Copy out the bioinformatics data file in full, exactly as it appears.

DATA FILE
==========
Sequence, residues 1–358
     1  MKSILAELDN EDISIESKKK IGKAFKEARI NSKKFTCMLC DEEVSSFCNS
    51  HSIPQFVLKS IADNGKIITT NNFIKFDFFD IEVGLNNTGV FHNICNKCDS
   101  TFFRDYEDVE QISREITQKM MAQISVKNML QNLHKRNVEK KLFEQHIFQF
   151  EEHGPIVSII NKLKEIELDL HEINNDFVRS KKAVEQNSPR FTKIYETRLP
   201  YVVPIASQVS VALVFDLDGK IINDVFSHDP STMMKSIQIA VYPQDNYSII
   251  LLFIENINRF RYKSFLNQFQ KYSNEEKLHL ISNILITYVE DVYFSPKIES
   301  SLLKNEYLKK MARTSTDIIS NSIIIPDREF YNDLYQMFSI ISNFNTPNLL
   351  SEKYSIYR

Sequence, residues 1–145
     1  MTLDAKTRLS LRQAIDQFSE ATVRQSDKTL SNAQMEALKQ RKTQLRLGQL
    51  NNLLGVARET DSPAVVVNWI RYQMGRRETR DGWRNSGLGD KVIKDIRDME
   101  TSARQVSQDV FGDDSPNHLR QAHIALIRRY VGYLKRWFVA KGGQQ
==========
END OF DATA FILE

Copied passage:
Sequence, residues 1–358
     1  MKSILAELDN EDISIESKKK IGKAFKEARI NSKKFTCMLC DEEVSSFCNS
    51  HSIPQFVLKS IADNGKIITT NNFIKFDFFD IEVGLNNTGV FHNICNKCDS
   101  TFFRDYEDVE QISREITQKM MAQISVKNML QNLHKRNVEK KLFEQHIFQF
   151  EEHGPIVSII NKLKEIELDL HEINNDFVRS KKAVEQNSPR FTKIYETRLP
   201  YVVPIASQVS VALVFDLDGK IINDVFSHDP STMMKSIQIA VYPQDNYSII
   251  LLFIENINRF RYKSFLNQFQ KYSNEEKLHL ISNILITYVE DVYFSPKIES
   301  SLLKNEYLKK MARTSTDIIS NSIIIPDREF YNDLYQMFSI ISNFNTPNLL
   351  SEKYSIYR

Sequence, residues 1–145
     1  MTLDAKTRLS LRQAIDQFSE ATVRQSDKTL SNAQMEALKQ RKTQLRLGQL
    51  NNLLGVARET DSPAVVVNWI RYQMGRRETR DGWRNSGLGD KVIKDIRDME
   101  TSARQVSQDV FGDDSPNHLR QAHIALIRRY VGYLKRWFVA KGGQQ